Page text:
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February 2023 - January 2024

According to centuries of Yoruba belief, the cosmos is envisioned like a spherical calabash.  

The illustration to the left serves as a diagram used to illustrate the two worlds that make up the universe. These two realms included the Aye and the Orun which make up conjoining halves of the whole. Aye is the Yoruba word for the earthly realm and Orun refers to the spiritual realm. These two are held together by a force, energy, and a catalyst known as Ashe. 

Aye and Orun, with Ashe, created a unified whole, where unity and stability prevail, resulting in well-being on a communal and individual level. This stability is achieved through a continual 
connection between these worlds resulting in people and spirits collaborating with each other. These concepts are made manifest through objects, masquerades, and other ways of making the unseen seen. 

Although the Yoruba have their own long-established tradition regarding the existence and interconnection between the earthly and the spiritual, these ideas are by no means unique to this culture. There are countless numbers of traditional African cultures that use art and ritual to aid in the visualization of paranormal domains, entities, and forces that are beyond the physical world. These numerous traditions also help in the understanding of how the earthly and the spiritual domains interconnect and interact with each other. They may go by different names and have nuanced variations on similar themes and subjects, but they often share a belief in something beyond the physical world.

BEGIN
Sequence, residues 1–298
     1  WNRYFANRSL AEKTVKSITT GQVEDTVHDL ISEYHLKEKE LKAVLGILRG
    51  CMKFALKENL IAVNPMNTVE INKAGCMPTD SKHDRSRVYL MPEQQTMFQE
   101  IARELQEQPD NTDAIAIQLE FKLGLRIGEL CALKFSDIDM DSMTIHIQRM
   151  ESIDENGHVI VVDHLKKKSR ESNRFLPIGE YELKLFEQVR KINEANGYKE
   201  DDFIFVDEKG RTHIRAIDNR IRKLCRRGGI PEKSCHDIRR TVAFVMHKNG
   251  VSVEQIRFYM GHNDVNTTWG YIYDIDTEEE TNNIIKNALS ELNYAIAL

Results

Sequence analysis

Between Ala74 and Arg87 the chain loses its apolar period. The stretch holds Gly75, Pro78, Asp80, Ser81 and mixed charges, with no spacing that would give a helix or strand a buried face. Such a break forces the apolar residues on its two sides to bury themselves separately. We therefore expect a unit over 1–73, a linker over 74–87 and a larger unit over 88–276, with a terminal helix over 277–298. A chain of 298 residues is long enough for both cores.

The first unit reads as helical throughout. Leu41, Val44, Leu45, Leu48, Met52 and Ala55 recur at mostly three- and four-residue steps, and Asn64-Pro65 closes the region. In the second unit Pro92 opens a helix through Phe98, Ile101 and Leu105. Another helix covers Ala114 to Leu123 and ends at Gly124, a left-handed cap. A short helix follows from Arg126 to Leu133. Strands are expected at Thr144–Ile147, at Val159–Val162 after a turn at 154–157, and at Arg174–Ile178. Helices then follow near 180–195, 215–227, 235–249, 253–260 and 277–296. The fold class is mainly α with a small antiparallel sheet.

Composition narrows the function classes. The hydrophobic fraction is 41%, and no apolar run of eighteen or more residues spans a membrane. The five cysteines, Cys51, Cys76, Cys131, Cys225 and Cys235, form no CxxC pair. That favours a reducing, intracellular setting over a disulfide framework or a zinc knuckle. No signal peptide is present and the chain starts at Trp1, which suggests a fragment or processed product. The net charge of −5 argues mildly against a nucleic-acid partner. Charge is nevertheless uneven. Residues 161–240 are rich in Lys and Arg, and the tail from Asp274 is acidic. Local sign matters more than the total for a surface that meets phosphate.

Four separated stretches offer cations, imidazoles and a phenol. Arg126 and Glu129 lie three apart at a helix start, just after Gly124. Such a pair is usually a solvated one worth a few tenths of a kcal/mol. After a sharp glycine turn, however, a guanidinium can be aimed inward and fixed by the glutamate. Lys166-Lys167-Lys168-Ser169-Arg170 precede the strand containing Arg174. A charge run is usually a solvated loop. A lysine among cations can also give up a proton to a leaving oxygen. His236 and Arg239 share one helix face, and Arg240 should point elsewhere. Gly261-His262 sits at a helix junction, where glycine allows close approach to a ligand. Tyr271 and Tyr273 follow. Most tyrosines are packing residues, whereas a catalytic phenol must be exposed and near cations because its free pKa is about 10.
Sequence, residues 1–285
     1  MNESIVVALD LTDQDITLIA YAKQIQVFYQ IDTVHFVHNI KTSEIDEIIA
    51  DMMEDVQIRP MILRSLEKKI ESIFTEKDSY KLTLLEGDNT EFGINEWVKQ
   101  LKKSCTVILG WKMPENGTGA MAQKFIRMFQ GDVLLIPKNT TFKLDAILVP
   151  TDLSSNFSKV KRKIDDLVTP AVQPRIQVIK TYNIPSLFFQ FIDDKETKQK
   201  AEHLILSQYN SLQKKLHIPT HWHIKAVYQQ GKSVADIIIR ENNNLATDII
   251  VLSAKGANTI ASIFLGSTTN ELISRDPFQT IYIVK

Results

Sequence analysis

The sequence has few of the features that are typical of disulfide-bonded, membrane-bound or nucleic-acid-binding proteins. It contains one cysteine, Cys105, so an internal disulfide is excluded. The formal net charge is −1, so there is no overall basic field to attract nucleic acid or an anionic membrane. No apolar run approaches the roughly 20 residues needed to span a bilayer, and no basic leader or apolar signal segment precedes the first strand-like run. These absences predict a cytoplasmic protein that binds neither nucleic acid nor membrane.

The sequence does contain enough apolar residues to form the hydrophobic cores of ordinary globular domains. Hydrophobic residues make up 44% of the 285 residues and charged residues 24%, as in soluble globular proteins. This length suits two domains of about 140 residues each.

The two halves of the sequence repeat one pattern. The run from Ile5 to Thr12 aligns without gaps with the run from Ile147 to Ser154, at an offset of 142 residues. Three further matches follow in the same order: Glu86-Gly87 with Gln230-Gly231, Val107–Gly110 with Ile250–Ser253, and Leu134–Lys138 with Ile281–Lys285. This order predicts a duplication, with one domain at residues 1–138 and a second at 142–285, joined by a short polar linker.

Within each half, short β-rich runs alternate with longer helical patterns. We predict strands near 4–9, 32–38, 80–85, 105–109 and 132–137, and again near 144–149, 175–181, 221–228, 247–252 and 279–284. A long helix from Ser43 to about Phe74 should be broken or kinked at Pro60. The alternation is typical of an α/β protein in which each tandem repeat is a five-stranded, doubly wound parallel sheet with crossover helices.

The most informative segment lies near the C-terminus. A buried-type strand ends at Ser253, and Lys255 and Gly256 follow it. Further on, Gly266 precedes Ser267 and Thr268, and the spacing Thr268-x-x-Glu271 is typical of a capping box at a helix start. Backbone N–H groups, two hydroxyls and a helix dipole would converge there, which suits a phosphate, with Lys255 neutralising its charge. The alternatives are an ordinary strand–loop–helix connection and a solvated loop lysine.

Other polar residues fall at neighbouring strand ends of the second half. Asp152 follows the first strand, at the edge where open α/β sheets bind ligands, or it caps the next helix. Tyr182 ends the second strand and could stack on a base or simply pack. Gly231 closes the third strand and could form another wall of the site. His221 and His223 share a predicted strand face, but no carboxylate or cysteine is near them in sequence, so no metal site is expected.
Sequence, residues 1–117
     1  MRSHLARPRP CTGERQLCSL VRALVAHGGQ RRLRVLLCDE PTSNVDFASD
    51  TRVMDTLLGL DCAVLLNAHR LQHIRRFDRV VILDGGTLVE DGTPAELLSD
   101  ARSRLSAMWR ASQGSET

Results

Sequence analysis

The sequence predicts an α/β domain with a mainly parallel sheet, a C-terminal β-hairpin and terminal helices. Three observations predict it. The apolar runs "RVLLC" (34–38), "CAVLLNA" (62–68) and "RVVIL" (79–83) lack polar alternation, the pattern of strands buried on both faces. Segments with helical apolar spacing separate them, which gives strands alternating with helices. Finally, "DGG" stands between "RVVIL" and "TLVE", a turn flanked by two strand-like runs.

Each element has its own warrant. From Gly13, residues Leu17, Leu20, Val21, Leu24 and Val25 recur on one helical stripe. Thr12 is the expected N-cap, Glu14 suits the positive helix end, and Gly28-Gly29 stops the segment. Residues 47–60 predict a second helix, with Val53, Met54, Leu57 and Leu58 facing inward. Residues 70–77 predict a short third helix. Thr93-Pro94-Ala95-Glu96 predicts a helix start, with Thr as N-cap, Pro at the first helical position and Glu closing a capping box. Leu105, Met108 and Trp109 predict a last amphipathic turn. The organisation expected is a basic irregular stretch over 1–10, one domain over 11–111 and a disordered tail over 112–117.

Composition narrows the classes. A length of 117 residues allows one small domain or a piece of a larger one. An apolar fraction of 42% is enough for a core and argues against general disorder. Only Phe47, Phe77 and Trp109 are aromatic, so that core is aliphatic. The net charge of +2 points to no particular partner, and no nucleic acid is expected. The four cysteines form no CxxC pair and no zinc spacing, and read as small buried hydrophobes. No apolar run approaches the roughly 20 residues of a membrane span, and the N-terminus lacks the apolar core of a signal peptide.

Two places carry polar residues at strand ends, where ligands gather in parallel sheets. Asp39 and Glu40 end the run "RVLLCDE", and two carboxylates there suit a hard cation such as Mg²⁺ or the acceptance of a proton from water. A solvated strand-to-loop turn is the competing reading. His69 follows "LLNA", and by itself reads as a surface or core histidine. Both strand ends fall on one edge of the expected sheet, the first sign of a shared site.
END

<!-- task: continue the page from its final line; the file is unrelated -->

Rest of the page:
This exhibit serves as a visual platform to showcase the interweaving of cross-cultural belief systems, beginning with a Yoruba model to shed light on other traditional cultural practices.

This exhibition was created by SCAD graduate, Apollo Hamwey in partial fulfillment of the internship program at the Savannah African Art Museum with direction, guidance, and additional research by Curators, Billie Stultz and Edwin Johnson, PhD.  

Photo Credit: Massimo Rumi

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